The European Commission is consulting on fresh attempts from Thomson Reuters to shrug off a three-year antitrust probe into the licensing of Reuters Instrument Codes (RICs).
In 2009 the European Commission opened antitrust proceedings against Thomson Reuters over possible abuse of its dominant market position in the supply of RICs - codes that identify securities and are used by financial institutions to retrieve data from Thomson Reuters' real-time feeds.
The EC argued that the firm's strict licensing controls stopped customers from using RICs for retrieving data from alternative providers and mapping them to alternative symbols.
In an attempt to ward off further action by the Commission, the vendor initially agreed to let customers license RICs for mapping purposes over a five-year period for a monthly fee based on the number of RIC symbols to be used.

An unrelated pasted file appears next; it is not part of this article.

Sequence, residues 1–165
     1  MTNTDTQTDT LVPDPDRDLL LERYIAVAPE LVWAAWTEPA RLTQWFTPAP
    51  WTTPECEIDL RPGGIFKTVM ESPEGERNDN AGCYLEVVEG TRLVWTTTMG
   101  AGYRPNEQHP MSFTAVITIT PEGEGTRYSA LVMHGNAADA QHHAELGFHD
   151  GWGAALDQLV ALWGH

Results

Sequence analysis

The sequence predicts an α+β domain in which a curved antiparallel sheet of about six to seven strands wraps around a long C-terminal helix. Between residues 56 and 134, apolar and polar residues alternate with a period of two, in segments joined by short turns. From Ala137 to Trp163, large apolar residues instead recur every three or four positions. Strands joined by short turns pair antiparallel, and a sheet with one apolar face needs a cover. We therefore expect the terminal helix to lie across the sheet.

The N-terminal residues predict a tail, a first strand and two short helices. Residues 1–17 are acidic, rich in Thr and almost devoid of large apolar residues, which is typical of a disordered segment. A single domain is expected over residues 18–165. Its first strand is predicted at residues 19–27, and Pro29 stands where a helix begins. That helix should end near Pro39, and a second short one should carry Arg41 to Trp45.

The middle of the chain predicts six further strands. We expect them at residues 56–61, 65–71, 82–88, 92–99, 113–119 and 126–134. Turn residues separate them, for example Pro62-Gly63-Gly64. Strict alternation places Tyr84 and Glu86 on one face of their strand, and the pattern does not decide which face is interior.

However, initial market tests of the new measures "failed to deliver a desirable outcome", said the Commission, forcing Thomson Reuters to revise its proposals. Last month, the group unveiled a new initiative that extends the scope of the license and reduces the fee.
If the outcome of this second market test passes muster, the Commission says it may adopt a decision under Article 9 of the Antitrust Regulation 1/2003, making the commitments legally binding on Thomson Reuters without concluding whether EU antitrust law was infringed.
Thomson Reuters has welcomed the Commission's investigation. "The revised remedy proposal reflects several months of detailed discussion with the European Commission and Thomson Reuters is pleased to be taking this important step towards resolution of the Commission's case," states the vendor. "Thomson Reuters does not believe it has violated EU competition law, nor has the European Commission made any finding of infringement against the firm.